So, would I do anything dofferent the next time I would build a bridge to measure resistors, capacitors or inductors. Well, as a matter of fact there are a couple of things I would change:
  1. To measure resistance I would power the bridge with DC. This would enable to really measure the pure ohmic resistance of a part.
  2. Actually, I am a bit disappointed in the ability to measure inductors. There are properly thjree reasons for this:
    1. Inductors are "dirty" components the parallel capacitance and the series resistances are often not neglectable
    2. The complex impedance is fairly low at a frequency of 1KHz. As you now the impedance of an inductor is ZL=2*pi*fc*L. For an inductor of 1uH and a frequency of 1KHz this means an impedance of 0.00628 Ohm. An inductor of 1mH an impedance of 6.28 Ohm.
    3. As seen in the previous points, the impedance of an inductor is fairly low and they are "dirty" components e.q. do have a "large" series resistance. A, so called, Hays bridge offers the possibility to compensate for this. For more information see the literature
  3. I would set up the bridge differently, so that only a couple of precision resistors and one single precision capacitor is required. A precision capacitor is much easier to obtain, cheaper. Also the money otherwise spend on inductors could now be spend on one quality reference capacitor. See 1,2,3, in literature for more information.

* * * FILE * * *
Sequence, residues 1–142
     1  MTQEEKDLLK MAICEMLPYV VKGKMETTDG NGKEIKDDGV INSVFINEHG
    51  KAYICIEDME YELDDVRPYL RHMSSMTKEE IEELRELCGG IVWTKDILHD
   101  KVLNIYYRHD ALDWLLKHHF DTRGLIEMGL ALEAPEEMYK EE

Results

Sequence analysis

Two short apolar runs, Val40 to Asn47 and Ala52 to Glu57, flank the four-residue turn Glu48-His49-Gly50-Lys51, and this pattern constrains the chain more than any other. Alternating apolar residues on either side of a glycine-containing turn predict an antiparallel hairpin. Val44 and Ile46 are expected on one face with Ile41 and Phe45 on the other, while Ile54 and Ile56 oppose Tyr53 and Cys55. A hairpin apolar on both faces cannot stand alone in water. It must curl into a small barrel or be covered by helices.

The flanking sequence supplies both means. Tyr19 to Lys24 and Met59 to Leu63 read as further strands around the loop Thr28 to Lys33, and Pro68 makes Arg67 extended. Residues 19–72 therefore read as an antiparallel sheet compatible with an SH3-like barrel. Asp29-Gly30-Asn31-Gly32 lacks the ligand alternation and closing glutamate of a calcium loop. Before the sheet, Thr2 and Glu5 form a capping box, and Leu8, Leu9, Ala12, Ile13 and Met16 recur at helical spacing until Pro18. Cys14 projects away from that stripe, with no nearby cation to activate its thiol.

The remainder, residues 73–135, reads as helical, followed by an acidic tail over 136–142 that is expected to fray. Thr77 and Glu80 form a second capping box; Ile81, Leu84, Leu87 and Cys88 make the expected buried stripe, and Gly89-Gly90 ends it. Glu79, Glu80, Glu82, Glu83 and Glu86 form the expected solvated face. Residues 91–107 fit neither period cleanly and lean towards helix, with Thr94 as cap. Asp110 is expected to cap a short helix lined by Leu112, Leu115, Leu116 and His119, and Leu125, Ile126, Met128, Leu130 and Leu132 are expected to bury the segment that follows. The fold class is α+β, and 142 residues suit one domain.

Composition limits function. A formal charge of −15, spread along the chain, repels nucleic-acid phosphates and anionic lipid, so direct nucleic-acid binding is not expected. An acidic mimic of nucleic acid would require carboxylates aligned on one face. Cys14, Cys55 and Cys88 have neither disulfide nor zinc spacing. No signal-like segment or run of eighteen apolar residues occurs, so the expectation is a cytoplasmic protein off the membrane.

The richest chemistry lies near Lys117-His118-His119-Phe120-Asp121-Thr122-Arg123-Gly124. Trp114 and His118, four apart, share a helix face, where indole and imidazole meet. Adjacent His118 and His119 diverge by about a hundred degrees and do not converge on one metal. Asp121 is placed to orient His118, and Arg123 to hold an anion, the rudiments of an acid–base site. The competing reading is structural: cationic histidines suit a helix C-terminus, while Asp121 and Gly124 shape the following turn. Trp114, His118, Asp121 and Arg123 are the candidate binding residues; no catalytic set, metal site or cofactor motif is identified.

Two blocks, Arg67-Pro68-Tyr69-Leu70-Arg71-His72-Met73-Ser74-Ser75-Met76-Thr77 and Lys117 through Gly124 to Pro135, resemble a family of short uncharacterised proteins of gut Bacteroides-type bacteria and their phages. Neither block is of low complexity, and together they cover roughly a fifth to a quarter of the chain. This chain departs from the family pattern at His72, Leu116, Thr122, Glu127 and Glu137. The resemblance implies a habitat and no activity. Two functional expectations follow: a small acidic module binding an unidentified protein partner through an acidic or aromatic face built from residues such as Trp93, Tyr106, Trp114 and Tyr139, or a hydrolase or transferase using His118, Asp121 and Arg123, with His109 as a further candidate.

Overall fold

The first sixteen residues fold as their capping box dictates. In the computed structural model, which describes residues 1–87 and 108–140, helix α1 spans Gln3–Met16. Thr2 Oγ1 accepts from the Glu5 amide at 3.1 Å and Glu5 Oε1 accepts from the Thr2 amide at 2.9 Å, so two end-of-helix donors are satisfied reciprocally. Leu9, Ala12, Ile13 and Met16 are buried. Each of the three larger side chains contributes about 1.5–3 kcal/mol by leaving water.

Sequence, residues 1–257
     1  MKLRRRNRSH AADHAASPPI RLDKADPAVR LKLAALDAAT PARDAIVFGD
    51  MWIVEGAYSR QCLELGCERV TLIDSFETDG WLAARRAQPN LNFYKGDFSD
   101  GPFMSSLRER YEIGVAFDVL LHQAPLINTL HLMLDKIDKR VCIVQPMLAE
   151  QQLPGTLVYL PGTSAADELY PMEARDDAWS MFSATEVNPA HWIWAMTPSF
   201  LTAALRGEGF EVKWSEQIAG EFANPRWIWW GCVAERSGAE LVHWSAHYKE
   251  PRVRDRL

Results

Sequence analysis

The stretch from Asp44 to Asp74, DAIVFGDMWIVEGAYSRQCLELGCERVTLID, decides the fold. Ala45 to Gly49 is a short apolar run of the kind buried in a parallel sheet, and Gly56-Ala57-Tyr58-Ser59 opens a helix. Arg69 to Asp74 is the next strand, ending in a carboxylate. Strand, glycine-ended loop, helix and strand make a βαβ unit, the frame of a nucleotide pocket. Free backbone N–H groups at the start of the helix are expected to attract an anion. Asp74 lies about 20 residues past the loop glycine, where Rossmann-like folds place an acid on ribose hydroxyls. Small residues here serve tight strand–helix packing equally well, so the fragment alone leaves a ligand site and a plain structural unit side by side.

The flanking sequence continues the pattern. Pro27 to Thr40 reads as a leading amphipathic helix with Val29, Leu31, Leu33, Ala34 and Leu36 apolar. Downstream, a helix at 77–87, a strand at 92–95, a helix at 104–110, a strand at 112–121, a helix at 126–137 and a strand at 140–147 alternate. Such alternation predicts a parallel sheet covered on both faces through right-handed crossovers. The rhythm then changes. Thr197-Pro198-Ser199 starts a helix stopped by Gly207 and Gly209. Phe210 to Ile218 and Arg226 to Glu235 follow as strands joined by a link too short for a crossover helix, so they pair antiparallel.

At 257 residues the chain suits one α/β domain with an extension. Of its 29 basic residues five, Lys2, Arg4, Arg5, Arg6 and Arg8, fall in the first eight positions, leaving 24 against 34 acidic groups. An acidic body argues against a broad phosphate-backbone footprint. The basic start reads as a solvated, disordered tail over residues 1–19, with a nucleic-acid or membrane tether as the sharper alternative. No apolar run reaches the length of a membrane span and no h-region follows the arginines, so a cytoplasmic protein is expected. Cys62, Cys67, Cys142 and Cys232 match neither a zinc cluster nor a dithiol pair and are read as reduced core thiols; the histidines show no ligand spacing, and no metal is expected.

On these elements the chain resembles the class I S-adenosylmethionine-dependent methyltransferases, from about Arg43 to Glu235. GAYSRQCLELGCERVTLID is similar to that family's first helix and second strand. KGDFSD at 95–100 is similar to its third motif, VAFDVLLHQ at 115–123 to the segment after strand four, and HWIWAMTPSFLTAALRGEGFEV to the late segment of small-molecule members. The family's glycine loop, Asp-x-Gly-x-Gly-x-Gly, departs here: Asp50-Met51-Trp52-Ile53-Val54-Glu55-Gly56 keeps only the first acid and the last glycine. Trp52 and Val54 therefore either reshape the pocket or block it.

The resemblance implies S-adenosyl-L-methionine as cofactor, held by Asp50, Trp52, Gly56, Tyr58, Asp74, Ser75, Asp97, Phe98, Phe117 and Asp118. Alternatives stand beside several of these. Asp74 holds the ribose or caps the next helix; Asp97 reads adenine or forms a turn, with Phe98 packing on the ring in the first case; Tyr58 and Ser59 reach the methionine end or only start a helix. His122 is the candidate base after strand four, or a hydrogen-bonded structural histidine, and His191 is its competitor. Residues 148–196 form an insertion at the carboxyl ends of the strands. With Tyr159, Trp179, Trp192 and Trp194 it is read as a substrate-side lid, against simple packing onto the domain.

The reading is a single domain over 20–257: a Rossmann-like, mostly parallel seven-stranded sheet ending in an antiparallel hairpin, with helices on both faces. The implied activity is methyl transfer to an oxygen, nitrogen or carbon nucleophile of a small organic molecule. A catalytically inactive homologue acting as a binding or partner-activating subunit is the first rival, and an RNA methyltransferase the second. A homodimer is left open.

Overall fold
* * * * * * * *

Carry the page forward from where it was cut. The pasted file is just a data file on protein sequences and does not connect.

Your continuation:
Does it mean this is a worthless piece of equipment? No, not all, usefull handy and very cheap. However, over time one learns this device shortcomings and finds ways to improve.

Have fun


  1. "The Impoverished Radio Experimenter, Volume 3, Lindsay Publications
  2. "Universal LCR Bridge", H.Moorshead, Practical Wiresless, December 1972, link
  3. "LCR Bridge", M. Fisher, Practical Wiresless, December 1965, link
  4. "Meetapparaten, ontwerpen en gebruiken", A.J. Dirksen, De Muiderkring BV
  5. "Kapaciteitsmeetbrug", Elex, June 1985
  6. "RC-meetbrug", Elex, May 1990,
  7. "RC-meetbrug met melodie-chip", Elex, June 1986,